Is there anything better than a Southern potluck?
I always overeat. How can you not?
I have a lot of international folks who follow me on Instagram. It’s my connection to Skimbaco Lifestyle since it’s an international magazine with a lot of European influence, plus our editor is also living in Sweden right now. We also have a few other team members living in London and Norway.
I’m the only Southern girl in the Skimbaco bunch. And I fill my feeds with fattening desserts and such. I don’t show myself often in my photos, and I’m probably giving off the impression that I wobble when I walk after eating so much. Sometimes, I do.
Digital Access for only $0.99
For the most comprehensive local coverage, subscribe today.
On Saturday evening, I showed a photo on Instagram from a yearly neighborhood function and said, “One must always save room for dessert at a Southern Pig Picking.” I really should have written “Pickin,” but I knew auto-correct would go bonkers over that one, and I would probably end up with “Pig picnic” in the caption instead.
One of the first questions was, “What is a Pig Picking?”
I tried to describe it like a luau, and we call it BBQ. In the South, BBQ is such a noun.
My neighbor makes some of the best BBQ I’ve tasted. And I get around.
But more than anything, I love all the sides and desserts. They really force you to get out of your food comfort zone and try different things.
There is nothing else on earth like the good, old Southern potluck. Where else can you get two different types of baked beans, several versions of potato salad and other potato dishes (I made “Potluck Potatoes for a Crowd” from my favorite Edenton cookbook), and as the potluck has evolved through the years, even kale and quinoa are now making appearances on the community table.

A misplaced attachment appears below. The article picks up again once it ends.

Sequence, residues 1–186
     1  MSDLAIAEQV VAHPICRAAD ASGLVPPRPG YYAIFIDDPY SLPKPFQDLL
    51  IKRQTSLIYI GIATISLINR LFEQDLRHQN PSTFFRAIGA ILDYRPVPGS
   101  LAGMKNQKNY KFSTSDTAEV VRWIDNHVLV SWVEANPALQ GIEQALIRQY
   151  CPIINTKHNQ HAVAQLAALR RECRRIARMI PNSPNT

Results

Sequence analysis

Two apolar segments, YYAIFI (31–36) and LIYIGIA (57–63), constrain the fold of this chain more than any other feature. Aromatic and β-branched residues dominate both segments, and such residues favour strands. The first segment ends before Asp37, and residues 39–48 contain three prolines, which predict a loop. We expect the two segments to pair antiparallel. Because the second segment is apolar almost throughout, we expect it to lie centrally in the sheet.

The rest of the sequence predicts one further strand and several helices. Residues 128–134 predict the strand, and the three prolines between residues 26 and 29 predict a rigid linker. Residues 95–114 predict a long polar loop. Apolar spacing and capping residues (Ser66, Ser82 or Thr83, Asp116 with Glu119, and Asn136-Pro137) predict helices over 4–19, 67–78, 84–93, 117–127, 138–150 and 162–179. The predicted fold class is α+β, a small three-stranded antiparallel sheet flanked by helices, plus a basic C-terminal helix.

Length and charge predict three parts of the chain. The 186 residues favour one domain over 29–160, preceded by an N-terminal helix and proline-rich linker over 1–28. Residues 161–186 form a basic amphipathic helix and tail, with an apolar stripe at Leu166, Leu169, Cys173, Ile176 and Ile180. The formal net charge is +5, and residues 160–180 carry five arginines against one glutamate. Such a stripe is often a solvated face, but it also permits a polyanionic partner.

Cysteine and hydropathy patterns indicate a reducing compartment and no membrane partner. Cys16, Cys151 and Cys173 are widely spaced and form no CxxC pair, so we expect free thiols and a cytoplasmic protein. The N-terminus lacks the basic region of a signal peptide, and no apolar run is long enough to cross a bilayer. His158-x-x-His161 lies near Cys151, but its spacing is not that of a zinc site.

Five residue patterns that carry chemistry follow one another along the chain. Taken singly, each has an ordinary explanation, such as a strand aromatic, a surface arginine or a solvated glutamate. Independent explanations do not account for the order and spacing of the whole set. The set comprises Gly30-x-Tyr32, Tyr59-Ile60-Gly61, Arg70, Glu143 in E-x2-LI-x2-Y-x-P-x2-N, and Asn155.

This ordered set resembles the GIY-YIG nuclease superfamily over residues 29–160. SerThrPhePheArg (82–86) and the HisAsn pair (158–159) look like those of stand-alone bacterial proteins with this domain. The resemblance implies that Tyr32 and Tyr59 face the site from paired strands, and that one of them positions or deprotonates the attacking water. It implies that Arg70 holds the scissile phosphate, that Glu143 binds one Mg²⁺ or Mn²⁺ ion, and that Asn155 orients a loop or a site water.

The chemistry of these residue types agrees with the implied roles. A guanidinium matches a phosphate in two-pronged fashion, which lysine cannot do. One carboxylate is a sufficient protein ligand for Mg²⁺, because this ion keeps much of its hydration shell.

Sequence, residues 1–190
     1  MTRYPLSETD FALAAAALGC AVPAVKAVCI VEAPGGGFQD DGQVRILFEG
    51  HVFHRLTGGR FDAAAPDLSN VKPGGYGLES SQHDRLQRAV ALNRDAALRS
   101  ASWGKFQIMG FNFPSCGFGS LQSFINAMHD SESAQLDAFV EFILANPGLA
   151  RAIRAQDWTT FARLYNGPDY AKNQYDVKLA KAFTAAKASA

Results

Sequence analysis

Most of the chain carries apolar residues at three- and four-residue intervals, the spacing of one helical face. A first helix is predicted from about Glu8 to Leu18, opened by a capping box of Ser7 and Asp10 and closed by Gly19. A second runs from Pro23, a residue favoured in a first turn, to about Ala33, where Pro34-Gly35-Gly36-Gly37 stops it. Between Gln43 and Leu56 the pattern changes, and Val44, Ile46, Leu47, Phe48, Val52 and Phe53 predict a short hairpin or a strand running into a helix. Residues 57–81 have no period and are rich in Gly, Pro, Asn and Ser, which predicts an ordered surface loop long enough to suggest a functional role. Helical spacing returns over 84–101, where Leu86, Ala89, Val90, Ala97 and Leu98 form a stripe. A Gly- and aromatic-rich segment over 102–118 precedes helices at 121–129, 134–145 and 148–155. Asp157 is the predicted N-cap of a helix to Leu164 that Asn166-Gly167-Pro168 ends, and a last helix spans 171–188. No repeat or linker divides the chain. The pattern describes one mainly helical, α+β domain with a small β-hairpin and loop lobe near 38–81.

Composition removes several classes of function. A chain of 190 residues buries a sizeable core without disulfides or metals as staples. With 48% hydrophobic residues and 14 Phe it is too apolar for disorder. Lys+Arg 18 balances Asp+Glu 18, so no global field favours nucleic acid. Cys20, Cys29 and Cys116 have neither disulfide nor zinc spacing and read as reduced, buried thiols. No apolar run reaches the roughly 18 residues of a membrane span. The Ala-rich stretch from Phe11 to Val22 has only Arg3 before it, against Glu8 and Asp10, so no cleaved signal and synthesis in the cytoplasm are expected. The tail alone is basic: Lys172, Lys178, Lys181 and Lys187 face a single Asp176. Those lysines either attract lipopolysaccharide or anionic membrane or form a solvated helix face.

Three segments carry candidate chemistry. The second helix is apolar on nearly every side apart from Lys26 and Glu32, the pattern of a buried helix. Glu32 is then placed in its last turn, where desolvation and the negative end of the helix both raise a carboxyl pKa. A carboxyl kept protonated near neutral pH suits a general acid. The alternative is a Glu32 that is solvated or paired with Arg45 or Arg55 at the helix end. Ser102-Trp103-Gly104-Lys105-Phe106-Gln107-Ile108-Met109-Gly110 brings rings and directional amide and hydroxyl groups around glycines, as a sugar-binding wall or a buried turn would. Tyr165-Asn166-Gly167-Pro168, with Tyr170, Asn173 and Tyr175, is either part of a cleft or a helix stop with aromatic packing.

No matter how many sides you put on your plate, you must save room for dessert. It’s the cardinal rule of Southern potlucks. Where else can you have a brownie, a “Pig Pickin” cake, coconut cake, and poundcake on your paper plate all at one time, and it doesn’t cost you a thing?
Yes, I did. Are you kidding me? I will never pass up homemade, Southern poundcake. My only regret is that I didn’t take a piece to go, and I would have had it for breakfast the next day.
I overeat at the neighborhood potluck every single year. The scales tell me so.
My neighbors have been doing this wonderful party for 17 years, and when they first started it, their kids were probably my children’s ages now. Now, kids in this neighborhood are graduating from college.
It just shows you that life moves way too fast. Retired couples are putting their homes on the market, and newlyweds are moving in.
There will soon be a whole new generation to enjoy this family’s “pig pickin.”
Thank God for Southerners and their potlucks. Life wouldn’t be the same without them.